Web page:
3. Rules don’t apply to them
They believe they are special. Smarter, sexier, funnier, all the things. Rules are for normies. If they follow them, they will also be a normie. So they are above rules. Well, the thing is all healthy relationships have rules. That’s what makes the relationship safe. And safe is what builds trust. If someone doesn’t believe rules apply to them, the relationship is ultimately unsafe.
4. They are never wrong
If they are wrong, that means they are equal or less than you. And that means they are no longer special. They can’t be wrong. And since they are never wrong, it’s always going to be your fault. Enter blame. Lots of it. And co-starring self-blame. Lots of it. The more they are not wrong, the more you believe you are. Not because of what you did. But because of who you are.
5. They don’t take ownership
If they are never wrong, there is nothing to own. Ownership comes when we believe we did or said something wrong. So we take responsibility for it. But if we believe we are never wrong, there’s nothing to take responsibility for. But the danger of not taking ownership isn’t about right or wrong. When someone doesn’t take ownership, they have stunted their growth. They have created their own ceiling. And when you have one person in a relationship that stops growing, you will have conflict.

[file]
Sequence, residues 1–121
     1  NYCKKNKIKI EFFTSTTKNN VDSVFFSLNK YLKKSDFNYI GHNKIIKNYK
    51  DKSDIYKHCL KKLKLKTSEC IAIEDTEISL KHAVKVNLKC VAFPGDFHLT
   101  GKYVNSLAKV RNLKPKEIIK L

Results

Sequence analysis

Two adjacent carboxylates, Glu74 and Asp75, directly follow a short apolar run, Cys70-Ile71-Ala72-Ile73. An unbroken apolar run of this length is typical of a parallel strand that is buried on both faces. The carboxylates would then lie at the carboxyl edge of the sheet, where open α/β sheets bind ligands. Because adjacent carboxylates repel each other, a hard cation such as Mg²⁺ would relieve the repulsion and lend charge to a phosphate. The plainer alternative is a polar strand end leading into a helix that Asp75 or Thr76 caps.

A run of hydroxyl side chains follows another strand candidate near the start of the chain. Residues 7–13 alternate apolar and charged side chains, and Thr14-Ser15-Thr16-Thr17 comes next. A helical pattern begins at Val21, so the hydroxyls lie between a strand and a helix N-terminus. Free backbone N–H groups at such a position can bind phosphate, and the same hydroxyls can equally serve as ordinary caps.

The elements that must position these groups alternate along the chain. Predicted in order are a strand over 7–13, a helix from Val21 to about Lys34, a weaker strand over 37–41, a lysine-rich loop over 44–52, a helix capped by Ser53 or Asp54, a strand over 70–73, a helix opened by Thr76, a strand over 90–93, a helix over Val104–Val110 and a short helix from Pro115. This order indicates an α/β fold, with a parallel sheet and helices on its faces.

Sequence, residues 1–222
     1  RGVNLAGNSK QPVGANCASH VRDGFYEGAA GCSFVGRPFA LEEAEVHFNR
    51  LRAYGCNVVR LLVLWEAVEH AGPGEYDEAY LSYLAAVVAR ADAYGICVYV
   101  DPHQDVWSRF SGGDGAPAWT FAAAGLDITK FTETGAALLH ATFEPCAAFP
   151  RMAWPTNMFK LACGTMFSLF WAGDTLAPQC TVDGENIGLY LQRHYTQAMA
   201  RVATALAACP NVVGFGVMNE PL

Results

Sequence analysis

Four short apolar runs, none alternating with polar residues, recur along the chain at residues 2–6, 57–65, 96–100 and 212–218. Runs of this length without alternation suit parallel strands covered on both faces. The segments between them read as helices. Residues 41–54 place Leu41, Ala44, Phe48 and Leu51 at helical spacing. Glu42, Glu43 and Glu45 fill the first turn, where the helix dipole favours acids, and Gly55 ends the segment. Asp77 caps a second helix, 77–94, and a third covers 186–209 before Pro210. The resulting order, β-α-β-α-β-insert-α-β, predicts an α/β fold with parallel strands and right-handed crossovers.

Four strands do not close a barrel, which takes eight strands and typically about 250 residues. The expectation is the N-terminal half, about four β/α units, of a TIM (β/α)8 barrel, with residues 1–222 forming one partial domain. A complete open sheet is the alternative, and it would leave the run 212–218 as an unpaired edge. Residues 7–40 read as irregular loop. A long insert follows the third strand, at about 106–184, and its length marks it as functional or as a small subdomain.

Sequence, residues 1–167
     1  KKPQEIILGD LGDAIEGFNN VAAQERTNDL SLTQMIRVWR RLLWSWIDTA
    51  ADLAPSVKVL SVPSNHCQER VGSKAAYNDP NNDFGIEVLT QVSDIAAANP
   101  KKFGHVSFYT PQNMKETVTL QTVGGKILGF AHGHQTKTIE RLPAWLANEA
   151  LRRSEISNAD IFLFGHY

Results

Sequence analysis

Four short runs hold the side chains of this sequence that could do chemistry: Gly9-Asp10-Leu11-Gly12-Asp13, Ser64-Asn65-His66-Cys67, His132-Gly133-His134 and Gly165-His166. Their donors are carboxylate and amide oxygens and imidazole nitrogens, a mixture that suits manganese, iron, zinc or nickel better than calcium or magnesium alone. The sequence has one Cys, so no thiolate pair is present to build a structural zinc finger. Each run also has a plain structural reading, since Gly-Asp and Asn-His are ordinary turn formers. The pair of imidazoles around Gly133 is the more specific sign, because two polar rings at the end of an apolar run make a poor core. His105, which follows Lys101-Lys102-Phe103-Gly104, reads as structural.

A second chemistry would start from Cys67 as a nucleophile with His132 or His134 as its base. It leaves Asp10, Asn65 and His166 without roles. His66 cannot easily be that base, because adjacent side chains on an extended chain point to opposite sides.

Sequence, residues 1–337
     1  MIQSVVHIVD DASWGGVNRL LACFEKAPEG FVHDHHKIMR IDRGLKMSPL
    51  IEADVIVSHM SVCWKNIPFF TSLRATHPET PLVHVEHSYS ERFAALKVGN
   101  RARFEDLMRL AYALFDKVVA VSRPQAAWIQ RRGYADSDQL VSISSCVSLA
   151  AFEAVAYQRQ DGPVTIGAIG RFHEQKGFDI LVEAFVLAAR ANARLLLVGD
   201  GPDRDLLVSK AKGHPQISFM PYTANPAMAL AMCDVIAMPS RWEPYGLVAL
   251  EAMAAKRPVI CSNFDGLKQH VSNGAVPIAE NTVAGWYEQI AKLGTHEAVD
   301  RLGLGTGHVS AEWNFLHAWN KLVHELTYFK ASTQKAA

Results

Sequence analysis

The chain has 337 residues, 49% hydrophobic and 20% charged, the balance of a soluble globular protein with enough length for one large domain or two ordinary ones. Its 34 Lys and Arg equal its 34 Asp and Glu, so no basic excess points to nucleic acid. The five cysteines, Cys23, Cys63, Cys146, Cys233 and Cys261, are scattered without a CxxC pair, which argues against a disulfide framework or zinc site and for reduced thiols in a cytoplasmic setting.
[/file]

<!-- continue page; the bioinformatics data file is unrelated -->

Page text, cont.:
If you’ve been in an abusive relationship with a narcissist, the first step is to stop blaming yourself. It’s easy to believe you did something wrong. Or that you should have known better when choosing a partner. You were not the problem.
And it didn’t happen overnight. There was a whole process involved, like courting and moments that felt honest. The gaslighting and manipulation didn’t come until later, until you started questioning your own worth.
And that’s the part you need to remind yourself of. No matter how long it took or how faint it was, that questioning leads you to leaving or maybe you’re questioning now. Either way, that questioning proves that you believe you do have worth. You do matter. You do deserve better. Trust that. And keep feeding it. It will lead you up a new path of acceptance, forgiveness, and trusting yourself again.
When a narcissist discards you, it means they couldn’t break you. No matter how much abuse they put you through — you still had standards, self-confidence, and self- worth. You were a mirror to their dysfunction. Take their leaving as a compliment.
This post was originally published here and is republished with permission from the author.
What’s your take on what you just read? Comment below or write a response and submit to us your own point of view or reaction here at the red box, below, which links to our submissions portal.